While driving into Chobe National Park, we were gawking at the numerous elephants along the roadside and almost missed this sight. Luckily, one of my travel buddies spotted it. It’s called a sable antelope and stood motionless in the bushes, just watching us until we moved on.
My first tie on elephant-back safari was on my first trip to Africa in 2011. We went in Zambia. The elephants all have a handler assigned to them from when they’re babies. This little guy was in training, happily trundling along next to its mother. You can see her shadow on the ground where he’s standing.
As we waited to go on our boat safari in Botswana, the waiting area of our safari operators filled with Japanese tourists. When we were told to head to the boat we managed to take off in front of the crowd. When we saw the boat we noticed it was a double decker and decided we definitely wanted to secure a spot up top. Unfortunately, they’d reserved the upper deck for the tour group so that they could all hear the translator. As a result, we were stuck to the bottom. As it turned out, we were the only three on the bottom. Apart from getting hit in the head by a lens cap dropped from the upper deck, it was actually great. It was like we had our own private boat and guide for a few hours.
I snapped this shot from the lower deck, of a mama hippo and her baby.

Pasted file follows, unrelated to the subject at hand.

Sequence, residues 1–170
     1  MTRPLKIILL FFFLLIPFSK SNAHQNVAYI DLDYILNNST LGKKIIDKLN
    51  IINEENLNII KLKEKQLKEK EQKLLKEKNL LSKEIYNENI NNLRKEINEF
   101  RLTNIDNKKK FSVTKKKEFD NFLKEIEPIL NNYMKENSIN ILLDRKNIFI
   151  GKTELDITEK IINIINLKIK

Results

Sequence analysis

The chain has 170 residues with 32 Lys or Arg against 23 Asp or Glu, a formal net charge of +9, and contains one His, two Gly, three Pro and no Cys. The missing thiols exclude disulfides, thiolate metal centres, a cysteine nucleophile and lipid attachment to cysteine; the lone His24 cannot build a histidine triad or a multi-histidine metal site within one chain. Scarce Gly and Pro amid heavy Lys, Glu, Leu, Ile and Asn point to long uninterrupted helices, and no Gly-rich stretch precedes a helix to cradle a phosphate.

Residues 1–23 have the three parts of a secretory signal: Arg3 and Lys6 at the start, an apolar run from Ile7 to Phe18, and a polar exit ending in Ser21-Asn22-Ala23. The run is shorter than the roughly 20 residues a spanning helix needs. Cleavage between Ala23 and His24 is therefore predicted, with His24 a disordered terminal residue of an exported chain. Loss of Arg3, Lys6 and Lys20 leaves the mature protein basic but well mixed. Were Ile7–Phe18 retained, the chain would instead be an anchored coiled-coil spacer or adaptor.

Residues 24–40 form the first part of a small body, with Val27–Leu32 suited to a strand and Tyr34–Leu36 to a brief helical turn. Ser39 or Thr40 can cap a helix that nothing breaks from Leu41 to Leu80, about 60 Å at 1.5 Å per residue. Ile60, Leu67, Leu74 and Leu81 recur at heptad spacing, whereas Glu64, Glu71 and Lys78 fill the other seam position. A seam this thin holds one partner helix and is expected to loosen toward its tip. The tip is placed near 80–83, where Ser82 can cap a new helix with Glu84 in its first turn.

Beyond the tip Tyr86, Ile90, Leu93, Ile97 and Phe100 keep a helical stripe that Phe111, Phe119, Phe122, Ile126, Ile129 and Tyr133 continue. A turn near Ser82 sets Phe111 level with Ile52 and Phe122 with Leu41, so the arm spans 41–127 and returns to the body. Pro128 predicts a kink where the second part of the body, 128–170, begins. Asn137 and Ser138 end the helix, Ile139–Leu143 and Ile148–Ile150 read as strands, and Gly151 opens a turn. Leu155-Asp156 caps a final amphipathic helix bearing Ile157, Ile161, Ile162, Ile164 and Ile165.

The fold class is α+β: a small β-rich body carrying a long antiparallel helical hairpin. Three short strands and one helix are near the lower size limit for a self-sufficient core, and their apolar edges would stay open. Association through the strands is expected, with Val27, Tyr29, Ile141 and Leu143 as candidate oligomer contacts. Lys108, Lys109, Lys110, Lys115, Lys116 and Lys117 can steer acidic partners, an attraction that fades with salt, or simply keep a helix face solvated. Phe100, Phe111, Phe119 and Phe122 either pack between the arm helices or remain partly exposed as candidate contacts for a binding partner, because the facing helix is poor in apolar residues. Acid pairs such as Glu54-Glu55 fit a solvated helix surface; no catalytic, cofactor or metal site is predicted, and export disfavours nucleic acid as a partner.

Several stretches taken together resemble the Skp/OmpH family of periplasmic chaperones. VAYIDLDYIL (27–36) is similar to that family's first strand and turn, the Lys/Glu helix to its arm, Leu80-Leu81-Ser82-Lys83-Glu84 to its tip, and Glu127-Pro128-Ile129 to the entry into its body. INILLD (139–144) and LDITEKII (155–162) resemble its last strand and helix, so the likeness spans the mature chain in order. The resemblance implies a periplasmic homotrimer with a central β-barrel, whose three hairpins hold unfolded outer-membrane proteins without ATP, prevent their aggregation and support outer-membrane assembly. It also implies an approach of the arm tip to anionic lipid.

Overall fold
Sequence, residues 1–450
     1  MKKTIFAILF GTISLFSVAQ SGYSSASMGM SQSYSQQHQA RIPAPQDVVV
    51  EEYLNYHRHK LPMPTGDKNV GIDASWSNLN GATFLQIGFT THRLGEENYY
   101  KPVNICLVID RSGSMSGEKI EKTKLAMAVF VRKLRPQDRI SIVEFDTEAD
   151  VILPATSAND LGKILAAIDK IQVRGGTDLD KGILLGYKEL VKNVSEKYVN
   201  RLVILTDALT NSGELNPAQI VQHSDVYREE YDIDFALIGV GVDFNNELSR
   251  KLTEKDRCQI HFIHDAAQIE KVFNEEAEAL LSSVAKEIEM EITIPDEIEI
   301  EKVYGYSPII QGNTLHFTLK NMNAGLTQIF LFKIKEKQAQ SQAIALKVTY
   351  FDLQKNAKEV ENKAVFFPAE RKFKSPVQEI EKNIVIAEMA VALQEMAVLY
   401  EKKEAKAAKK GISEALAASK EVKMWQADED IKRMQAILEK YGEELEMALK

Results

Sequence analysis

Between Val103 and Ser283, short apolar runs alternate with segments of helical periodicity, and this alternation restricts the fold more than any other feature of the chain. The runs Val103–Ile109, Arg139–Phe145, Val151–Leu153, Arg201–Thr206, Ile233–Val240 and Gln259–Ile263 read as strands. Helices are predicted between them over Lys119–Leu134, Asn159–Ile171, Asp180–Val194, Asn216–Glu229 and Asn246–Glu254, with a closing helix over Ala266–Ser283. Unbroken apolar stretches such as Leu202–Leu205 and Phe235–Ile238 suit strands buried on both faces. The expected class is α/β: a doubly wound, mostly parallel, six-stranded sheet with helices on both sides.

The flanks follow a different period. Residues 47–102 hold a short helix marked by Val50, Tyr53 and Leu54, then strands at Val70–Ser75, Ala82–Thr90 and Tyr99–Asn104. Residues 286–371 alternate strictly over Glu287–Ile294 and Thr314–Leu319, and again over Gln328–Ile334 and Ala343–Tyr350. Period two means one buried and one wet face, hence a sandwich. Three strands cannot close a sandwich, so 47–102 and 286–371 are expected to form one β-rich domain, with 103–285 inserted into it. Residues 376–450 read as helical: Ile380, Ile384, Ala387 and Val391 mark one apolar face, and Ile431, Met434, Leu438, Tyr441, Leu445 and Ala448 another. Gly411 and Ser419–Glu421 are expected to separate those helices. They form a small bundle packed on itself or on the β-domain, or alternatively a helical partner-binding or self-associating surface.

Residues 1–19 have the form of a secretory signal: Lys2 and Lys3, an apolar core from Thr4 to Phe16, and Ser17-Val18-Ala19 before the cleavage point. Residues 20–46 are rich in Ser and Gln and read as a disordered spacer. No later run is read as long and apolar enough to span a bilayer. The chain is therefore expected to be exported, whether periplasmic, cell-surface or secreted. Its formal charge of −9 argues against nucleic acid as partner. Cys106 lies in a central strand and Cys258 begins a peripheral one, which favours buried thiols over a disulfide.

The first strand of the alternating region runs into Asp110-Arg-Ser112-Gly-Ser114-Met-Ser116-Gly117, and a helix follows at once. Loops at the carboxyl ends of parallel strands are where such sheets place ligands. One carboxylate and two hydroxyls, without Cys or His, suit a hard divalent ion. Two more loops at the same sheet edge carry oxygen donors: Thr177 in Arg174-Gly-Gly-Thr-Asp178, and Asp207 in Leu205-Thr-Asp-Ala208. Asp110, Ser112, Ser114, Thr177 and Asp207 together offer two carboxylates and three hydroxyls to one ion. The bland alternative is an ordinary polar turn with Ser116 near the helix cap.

I’m writing this from an interesting location tonight, perched on top of a rock at the far end of Horseshoe Bay, Bermuda. I’m making use of the Digicel Hotspot here while shooting a timelapse. I took the photo to the right on my Blackberry, a few hours ago.
I decided to timelapse Horseshoe as the time moves from early evening to night. It was a beautiful sunset tonight. Unfortunately, I think I overexposed the whole thing. Not too bad though, I can come back here again. Assuming I find a way down off this rock.
Today’s Photo: Giraffes Have Long Necks
Well… they do!!
There’s no trickery involved in today’s shot like the one from a few days ago of two giraffes grazing in Botswana.
We’d come through rain, a lot of rain, to get to this spot. Soaking wet, pools of water collected in my guide-provided poncho. We came round a corner to discover about twenty giraffe, spread across a broad flat landscape. I carefully pulled my camera from beneath he puddle-filled poncho, spilling water all over my travel buddies in the process, and began to fire away.
When I saw these two giraffe, I knew exactly what I wanted. Both of them with their heads up, pointing towards the center of the photo. I didn’t actually manage to get this in the same photo. So when it came to producing this image, I wound up using two sets of bracketed photos. So I had two with regular exposure, two at -2 and two at +2.
I used Photomatix’s ghosting removal tool to pick the images of each giraffe I wanted and voila, the image I had in my head in Africa was now on my screen in Bermuda.
We spotted this guy on our way to safari in Botswana’s Chobe National Park. We were driving along a paved road prior to turning off onto the dirt tracks we’d spend the next few hours exploring. All of a sudden, the paved road became lined by elephants, munching away, not the least bit bothered by all the cars driving past.
I thought this little baby penguin with a pink heart painted on his chest was fitting for today. He lives on Boulder’s Bay, in Simonstown, South Africa, along with a colony of African Penguins. They used to be called Jackass Penguins because of the noise they make.
No other penguins were marked like this, so I really have no idea why he’s got this little heart painted on him.